There is something that you can do to try to avoid the 3.8 percent surcharge. Tax exempt interest is not subject to this tax. You must be careful of locking in low interest rate debt if we have a bond bubble. Credit worthiness of the issuer must also be considered. Many people have been buying dividend-paying stocks to try and survive the low interest rate. These dividends might make you go over the threshold. If you are still working, maybe you can contribute more to your qualified plan at work. This could reduce your gross income.
You may be able to defer income by putting investments that generate unearned income into tax deferred accounts. Roth withdrawals do not count toward these limits. Sometimes, you can time your income through something such as deferred compensation. Be sure of the credit worthiness of the debtor. You may be able to covert passive income to earned income. Some business owners might be able to take additional salary instead of profit distributions. This could make the payments possibly subject to FICA tax.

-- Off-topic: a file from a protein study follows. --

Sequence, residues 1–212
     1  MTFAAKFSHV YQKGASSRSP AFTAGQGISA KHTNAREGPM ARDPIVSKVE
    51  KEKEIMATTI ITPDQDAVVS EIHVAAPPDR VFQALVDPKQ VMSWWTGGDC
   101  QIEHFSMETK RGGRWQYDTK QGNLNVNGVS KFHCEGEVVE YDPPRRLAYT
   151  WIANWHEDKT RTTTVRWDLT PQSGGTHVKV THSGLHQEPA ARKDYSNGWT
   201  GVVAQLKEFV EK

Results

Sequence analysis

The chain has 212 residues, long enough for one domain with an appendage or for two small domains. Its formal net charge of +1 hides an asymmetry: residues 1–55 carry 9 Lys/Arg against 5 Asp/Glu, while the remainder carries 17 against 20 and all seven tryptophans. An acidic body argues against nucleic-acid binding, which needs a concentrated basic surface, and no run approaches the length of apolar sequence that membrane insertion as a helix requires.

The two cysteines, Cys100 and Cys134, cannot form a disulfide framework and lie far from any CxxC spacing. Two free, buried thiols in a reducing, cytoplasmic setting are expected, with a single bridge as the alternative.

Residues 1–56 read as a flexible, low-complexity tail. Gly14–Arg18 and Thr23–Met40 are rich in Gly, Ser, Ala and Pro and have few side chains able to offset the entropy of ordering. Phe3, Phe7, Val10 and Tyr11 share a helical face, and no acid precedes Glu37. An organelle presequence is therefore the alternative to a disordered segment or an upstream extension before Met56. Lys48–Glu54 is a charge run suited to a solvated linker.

If you are selling an asset, maybe you can use an installment sale. If you spread the income over several years, you may be able to stay below the limit. Section 529 plans and Coverdell Education Accounts are exempt. These are ways to save for college expenses. Charitable Trust might work as well as planned distributions from trust. The already complicated tax code has gotten harder. Start planning now for next year to save on taxes.
Gary Boatman is a certified financial planner and local businessman who serves as president of the Monessen Chamber of Commerce.
Show commenting policy
TribLive commenting policy
You are solely responsible for your comments and by using TribLive.com you agree to our Terms of Service.
We moderate comments. Our goal is to provide substantive commentary for a general readership. By screening submissions, we provide a space where readers can share intelligent and informed commentary that enhances the quality of our news and information.